The Malta Independent 20 April 2024, Saturday
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Watch: Sociologist slams dangerous ‘third-world’ pavements which discourage social interaction

Marc Galdes Sunday, 4 September 2022, 07:30 Last update: about 3 years ago

Sociologist Michael Briguglio believes that the dangerous condition of the “third-world” pavements in Malta is preventing social interaction.

“It is important that we strive to invest in society from the basic things, such as pavements, where people can meet and talk safely,” he said.

The Malta Independent last week reported the results of a survey, conducted by the Faculty of Social Wellbeing that revealed that 54.6% of people have a sense of loneliness, which is an 11.1% increase from the last survey the Faculty conducted in 2019.

In comments to this newspaper, Briguglio stressed that besides the policies proposed by the Faculty, we also need to think of policy proposals which build a lot on the importance of community.

The current infrastructure is claustrophobic, unsafe and uninviting. He emphasised the importance of having an infrastructure which is safe and accessible, to promote social interaction and prevent loneliness.

"We also have to think about infrastructure and community development – what in sociology we refer to as social capital. You invest in society," he said.

"I think the issue of the pavement is definitely one of our most important yet neglected issues in the country. Some elderly people don't go out because they are afraid that they will fall because pavements are either taken up by signs or else they are simply not up to standard. They are third-world pavements,” he said.

More recently, many pavements have started to be blocked by e-scooters, which are also contributing to fears of people leaving their homes.

There are then situations when although there might be space, some people do not feel safe in that area. “For example, Paulina Dembska was murdered in Independence Gardens. Her memorial is still there with police on patrol; this signifies a lot.”

“That's what investment in communities is all about, having spaces which are accessible and safe,” he said.

The results of the survey, he said "at first glance… are quite shocking, however, one has to dig a bit deeper”. He elaborated by saying that loneliness could either be situational or a feeling of solitude.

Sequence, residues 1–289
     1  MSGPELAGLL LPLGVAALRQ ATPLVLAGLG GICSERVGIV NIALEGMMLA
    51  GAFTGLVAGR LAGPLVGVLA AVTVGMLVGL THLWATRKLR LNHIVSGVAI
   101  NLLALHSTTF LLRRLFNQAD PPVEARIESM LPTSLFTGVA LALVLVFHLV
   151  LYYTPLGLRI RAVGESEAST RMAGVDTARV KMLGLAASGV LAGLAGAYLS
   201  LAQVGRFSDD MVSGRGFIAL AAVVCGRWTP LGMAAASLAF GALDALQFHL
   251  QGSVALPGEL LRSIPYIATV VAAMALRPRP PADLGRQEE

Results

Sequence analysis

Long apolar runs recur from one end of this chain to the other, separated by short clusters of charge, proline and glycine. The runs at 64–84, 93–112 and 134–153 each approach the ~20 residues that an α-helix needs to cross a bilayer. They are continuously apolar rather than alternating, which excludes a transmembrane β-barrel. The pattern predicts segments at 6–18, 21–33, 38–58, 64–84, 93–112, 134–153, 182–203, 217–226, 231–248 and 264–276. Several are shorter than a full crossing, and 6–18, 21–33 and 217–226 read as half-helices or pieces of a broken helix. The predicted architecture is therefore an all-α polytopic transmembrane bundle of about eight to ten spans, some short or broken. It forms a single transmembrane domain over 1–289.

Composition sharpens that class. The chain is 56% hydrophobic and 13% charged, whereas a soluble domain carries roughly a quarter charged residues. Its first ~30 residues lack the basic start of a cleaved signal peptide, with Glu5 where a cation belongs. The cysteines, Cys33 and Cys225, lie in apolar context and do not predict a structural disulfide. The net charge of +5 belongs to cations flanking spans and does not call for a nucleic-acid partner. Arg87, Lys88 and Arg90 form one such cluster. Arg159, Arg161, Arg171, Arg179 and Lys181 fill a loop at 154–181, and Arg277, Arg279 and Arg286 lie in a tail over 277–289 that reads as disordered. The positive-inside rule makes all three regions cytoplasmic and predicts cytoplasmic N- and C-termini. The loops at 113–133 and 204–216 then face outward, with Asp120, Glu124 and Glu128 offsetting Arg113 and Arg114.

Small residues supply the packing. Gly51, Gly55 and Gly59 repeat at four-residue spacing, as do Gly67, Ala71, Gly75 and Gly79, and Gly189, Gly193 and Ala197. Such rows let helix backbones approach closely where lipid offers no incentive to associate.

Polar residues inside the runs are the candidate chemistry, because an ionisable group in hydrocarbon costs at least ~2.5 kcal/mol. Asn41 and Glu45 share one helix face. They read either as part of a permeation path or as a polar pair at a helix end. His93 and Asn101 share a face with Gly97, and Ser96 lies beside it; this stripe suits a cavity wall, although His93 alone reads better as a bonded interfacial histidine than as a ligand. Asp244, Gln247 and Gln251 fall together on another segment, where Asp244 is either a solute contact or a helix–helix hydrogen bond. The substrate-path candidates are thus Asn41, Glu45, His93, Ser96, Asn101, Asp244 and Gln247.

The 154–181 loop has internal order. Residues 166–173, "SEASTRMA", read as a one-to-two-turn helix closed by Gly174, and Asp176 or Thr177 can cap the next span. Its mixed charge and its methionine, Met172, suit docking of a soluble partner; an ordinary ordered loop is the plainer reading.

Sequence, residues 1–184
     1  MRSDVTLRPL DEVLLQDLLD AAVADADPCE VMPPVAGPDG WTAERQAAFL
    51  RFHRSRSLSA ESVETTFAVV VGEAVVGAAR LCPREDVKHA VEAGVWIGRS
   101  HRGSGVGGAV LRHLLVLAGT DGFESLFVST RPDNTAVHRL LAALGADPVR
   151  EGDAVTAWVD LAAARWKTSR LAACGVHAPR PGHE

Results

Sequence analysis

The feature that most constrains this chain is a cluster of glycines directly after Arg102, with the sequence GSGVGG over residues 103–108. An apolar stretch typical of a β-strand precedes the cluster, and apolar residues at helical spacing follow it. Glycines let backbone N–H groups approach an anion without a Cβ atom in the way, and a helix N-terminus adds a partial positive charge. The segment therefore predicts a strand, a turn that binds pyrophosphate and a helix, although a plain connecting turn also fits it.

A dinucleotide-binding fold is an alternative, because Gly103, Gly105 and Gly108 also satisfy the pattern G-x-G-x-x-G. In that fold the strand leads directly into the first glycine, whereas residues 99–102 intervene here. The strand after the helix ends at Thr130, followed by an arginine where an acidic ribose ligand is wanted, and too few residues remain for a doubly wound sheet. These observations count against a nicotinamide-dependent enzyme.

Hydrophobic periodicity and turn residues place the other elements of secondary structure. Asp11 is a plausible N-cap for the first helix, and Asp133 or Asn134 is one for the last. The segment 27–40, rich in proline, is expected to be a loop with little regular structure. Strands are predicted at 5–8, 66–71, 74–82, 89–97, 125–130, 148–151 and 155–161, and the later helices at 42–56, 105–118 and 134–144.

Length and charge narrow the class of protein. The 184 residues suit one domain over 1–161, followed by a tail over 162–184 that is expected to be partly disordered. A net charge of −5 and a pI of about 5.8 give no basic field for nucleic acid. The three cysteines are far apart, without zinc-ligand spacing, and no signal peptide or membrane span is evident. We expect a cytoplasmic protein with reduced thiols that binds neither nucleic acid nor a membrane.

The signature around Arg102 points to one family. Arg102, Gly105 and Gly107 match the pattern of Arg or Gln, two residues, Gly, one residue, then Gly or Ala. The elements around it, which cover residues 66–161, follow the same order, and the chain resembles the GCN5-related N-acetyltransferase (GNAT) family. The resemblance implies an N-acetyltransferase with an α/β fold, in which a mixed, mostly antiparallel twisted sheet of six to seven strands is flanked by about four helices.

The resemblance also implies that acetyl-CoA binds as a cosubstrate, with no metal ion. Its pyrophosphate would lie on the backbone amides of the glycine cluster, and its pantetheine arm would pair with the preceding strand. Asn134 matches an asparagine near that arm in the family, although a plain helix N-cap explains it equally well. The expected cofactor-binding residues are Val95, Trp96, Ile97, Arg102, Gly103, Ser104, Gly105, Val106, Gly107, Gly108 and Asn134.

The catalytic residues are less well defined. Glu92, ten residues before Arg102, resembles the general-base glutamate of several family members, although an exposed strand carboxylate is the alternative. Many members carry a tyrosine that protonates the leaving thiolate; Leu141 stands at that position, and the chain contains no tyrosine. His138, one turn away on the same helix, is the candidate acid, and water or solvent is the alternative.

"Loneliness can be something which we call situational in sociology. For example, you are lonely because you don't know anyone of your neighbours, or nobody talks to you, or you're an elderly man and you have nowhere to go. That's situational and that can be very problematic and that needs to be worked on in terms of policies," Briguglio said.

"Then there's also loneliness which is not technically defined as loneliness but which is solitude. Sometimes people enjoy being lonely, sometimes people enjoy solitude," he said. He added that sometimes loneliness has to do with one’s agency. One might seek to be lonely because they enjoy their own company.

He understood that this figure was still worrying, but he wanted to point out that in a quantitative study, questions could be interpreted in different ways. If it is interpreted as solitude then this should not be something worrisome; situational loneliness is what can be problematic.

The project leader of the survey study, Andrew Azzopardi, said that blaming these statistics on Covid-19 would be a “minimalistic and shallow argument”. Instead, Azzopardi believes that the pandemic just exposed the reality of our lives which we did not want to show. He said that the statistics would not have been very different from 2019 to now without Covid-19.

In response to this, Briguglio said: "I think Covid-19 played a huge role. I don't agree that we should minimise the importance of Covid-19."

During the times of Covid-19, he revealed that he was very vocal about his concern for people suffering from loneliness.

Briguglio pointed out that different groups of people reacted differently during Covid-19 times, therefore, all groups must be addressed and studied separately.

His main concern was that there was a lot of loneliness which was invisible because it was not shared on social media.

"A lot of loneliness was invisible. There are a lot of people who are not present, neither on social media nor on mainstream media," he said.